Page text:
The Oklahoma State Department of Health reported on Friday 917 new cases of COVID-19, bringing the state's total to 427,558.
Tulsa County had 102 of Friday's cases. Its total now stands at 71,329, second to Oklahoma County's 81,462.
The state's seven-day average of new cases, which shows the trend in infections, rose from 641 to 648. The record of 4,256 was set Jan. 13. It has remained under 1,000 since Feb. 19.
Tulsa County's seven-day average fell from 92 to 87, its lowest point since June 18. The record is 647, set Jan. 9.
The state health department has started reporting the Centers for Disease Control and Prevention's provisional death count in its daily updates. That count is based on death certificates entered into a vital statistics system. As of Friday, the CDC counted 7,202 Oklahomans dead from COVID-19, an increase of 80 from Thursday. The CDC places 1,706 of those deaths in Tulsa County. County-level data is updated weekly.
There were 396 Oklahomans with positive COVID tests hospitalized on Thursday evening, 40 fewer than on Wednesday. The highest number so far was 1,994 hospitalized on Jan. 5. There were 113 COVID-positive Oklahomans in intensive care units on Thursday, eight fewer than on Wednesday. KWGS is basing hospitalization and ICU bed numbers on the total across all types of facilities. The state changed to reporting just acute care hospitals but still gives numbers for focus, rehabilitation and tribal facilities.
Over the course of the pandemic, 24,156 Oklahomans have been hospitalized for COVID-19.
According to the state health department, Tulsa County had 84 COVID-positive residents hospitalized as of Thursday evening, six fewer than on Wednesday. The state's reporting change does not affect regional numbers.
As of Thursday, the state reported 14% of adult ICU beds and 16% of medical surgery beds available across all facility types. Also as of Thursday, all of the state's hospital regions were at tier one of a four-tier hospital surge plan, meaning less than 15% of patients have tested positive for COVID for at least three consecutive days.
The state health department reported 1,050 additional patients as recovered on Friday, bringing the total to 410,778. Patients are considered to have recovered if they did not die, are not currently hospitalized and it has been at least 14 days since their symptoms began. Symptoms have been reported to linger for several weeks for some individuals.
The state has 12,246 active cases of COVID-19, 133 fewer than the day before. The record is 43,163, set Jan. 11. With the change in death reporting, active cases are being reported as total cases less patients considered recovered.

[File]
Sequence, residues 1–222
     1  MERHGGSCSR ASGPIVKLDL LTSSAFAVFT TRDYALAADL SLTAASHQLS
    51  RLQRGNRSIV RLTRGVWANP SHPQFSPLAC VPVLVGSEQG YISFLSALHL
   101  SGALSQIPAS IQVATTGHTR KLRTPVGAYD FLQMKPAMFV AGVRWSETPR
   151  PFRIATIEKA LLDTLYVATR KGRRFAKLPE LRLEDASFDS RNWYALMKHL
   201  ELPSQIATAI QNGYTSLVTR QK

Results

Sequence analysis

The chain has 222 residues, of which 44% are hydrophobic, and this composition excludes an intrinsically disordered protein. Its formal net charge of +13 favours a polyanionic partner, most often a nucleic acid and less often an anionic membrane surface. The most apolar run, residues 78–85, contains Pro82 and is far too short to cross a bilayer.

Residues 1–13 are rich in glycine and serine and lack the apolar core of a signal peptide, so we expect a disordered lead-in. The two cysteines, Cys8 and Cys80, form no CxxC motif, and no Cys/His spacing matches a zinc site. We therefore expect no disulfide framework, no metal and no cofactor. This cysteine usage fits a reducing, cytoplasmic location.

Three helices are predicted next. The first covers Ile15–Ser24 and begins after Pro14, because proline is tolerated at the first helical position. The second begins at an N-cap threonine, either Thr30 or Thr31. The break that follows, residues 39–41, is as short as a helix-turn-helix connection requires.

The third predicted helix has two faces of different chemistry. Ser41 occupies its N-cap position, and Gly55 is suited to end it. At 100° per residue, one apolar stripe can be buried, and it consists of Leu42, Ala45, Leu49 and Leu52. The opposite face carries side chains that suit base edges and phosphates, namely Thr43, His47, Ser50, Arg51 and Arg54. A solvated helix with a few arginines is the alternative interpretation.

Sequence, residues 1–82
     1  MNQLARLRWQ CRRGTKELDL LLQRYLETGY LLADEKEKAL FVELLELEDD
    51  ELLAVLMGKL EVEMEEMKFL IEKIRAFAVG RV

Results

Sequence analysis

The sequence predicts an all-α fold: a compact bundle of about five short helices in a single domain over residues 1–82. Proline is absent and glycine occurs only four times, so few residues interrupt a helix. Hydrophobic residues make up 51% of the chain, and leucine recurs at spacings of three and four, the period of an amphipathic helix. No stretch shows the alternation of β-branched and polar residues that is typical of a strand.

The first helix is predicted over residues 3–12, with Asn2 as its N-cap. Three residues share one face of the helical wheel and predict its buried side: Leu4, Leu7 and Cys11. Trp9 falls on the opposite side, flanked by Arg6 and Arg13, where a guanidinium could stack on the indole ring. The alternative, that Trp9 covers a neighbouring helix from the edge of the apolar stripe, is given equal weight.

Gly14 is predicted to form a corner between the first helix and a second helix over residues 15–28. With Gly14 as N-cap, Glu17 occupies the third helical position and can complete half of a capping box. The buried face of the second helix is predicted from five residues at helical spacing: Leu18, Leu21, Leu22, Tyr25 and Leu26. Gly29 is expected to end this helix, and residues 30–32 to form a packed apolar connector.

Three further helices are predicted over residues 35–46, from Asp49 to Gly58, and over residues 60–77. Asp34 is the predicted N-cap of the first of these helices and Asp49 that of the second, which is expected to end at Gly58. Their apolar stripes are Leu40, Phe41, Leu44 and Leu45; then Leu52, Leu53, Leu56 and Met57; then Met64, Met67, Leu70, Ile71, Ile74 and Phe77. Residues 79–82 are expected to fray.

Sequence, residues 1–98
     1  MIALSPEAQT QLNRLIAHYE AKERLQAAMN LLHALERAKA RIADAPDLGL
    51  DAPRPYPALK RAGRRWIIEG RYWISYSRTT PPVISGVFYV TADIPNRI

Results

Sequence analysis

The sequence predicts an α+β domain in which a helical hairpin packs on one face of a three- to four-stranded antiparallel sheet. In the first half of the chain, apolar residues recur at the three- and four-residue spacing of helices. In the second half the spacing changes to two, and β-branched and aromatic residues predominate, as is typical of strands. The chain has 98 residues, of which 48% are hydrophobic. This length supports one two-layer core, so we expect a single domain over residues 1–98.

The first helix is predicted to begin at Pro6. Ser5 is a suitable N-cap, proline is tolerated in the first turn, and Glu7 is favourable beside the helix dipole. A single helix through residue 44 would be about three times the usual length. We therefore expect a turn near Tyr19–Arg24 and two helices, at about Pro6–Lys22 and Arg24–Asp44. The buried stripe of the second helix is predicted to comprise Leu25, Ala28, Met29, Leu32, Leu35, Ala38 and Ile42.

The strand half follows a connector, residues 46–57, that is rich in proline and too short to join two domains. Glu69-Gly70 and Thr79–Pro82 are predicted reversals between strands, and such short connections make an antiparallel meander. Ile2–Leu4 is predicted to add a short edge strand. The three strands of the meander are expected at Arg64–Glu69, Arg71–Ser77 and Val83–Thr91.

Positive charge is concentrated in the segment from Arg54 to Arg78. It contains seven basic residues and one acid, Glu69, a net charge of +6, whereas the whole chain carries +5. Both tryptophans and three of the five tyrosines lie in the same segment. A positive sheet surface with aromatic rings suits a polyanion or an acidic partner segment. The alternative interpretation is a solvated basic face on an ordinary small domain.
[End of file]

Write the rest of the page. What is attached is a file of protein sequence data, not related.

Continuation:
Tulsa County reported 116 additional patients as recovered, bringing the total to 69,103. The county has 1,368 active cases, 33 fewer than the day before. The record is 6,731, set Jan. 11.
The state's reported overall positive test rate was 11% on Thursday, unchanged from Wednesday. Out of 9,046 tests reported on Thursday, 10.1% were positive. Each positive test does not necessarily represent a unique individual.
The state used to report its cumulative positive test rate, a metric used by Johns Hopkins Coronavirus Resource Center. It is calculated by dividing the number of cases by the number of negative tests plus the number of cases. As of Thursday, that rate was 12%, unchanged from Wednesday.
Johns Hopkins uses the different rate to compare states that may track testing differently. It notes the ideal way to calculate the positivity rate is dividing the number of people who test positive by the number of people who are tested, which is how Oklahoma's overall rate is calculated.
The World Health Organization's benchmark indicating adequate testing is a 5% positive test rate.
There are 28 counties at the orange level on the state's COVID alert map, indicating the highest risk of transmission. That's down 20 from last week. There are 47 counties at the yellow level, including Tulsa County. Harper and Jefferson counties are at the green risk level.
Tulsa County's rate of new cases per 100,000 population fell 49.3% this week, going from 27.8 to 14.1. The highest rate of new cases was in Cimarron County, which had a new case rate of 180.5, down 41.3% from last week.
The orange level starts at 14.3 new cases per 100,000. Only Cimarron County has a new case rate over 100.
Regardless of transmission rates, counties are not classified at red, the alert map's highest level, unless COVID patients account for 40% of the staffed acute care hospital beds in that county's state hospital region.
Just 20 counties have not yet hit 10% of their population testing positive for the coronavirus. Alfalfa County leads the state with 20.2% of residents testing positive to date. It's the only county so far to break the 20% level.
In Tulsa County, 10.9% of residents have tested positive to date.